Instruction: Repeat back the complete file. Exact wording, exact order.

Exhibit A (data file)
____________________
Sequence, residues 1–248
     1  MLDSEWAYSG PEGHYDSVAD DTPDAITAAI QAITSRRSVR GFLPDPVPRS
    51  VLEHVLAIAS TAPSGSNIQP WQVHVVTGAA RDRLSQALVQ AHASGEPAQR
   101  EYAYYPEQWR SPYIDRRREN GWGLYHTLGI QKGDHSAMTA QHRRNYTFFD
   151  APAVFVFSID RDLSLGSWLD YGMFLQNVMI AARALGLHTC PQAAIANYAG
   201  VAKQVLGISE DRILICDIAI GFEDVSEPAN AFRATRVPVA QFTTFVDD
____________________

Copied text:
Sequence, residues 1–248
     1  MLDSEWAYSG PEGHYDSVAD DTPDAITAAI QAITSRRSVR GFLPDPVPRS
    51  VLEHVLAIAS TAPSGSNIQP WQVHVVTGAA RDRLSQALVQ AHASGEPAQR
   101  EYAYYPEQWR SPYIDRRREN GWGLYHTLGI QKGDHSAMTA QHRRNYTFFD
   151  APAVFVFSID RDLSLGSWLD YGMFLQNVMI AARALGLHTC PQAAIANYAG
   201  VAKQVLGISE DRILICDIAI GFEDVSEPAN AFRATRVPVA QFTTFVDD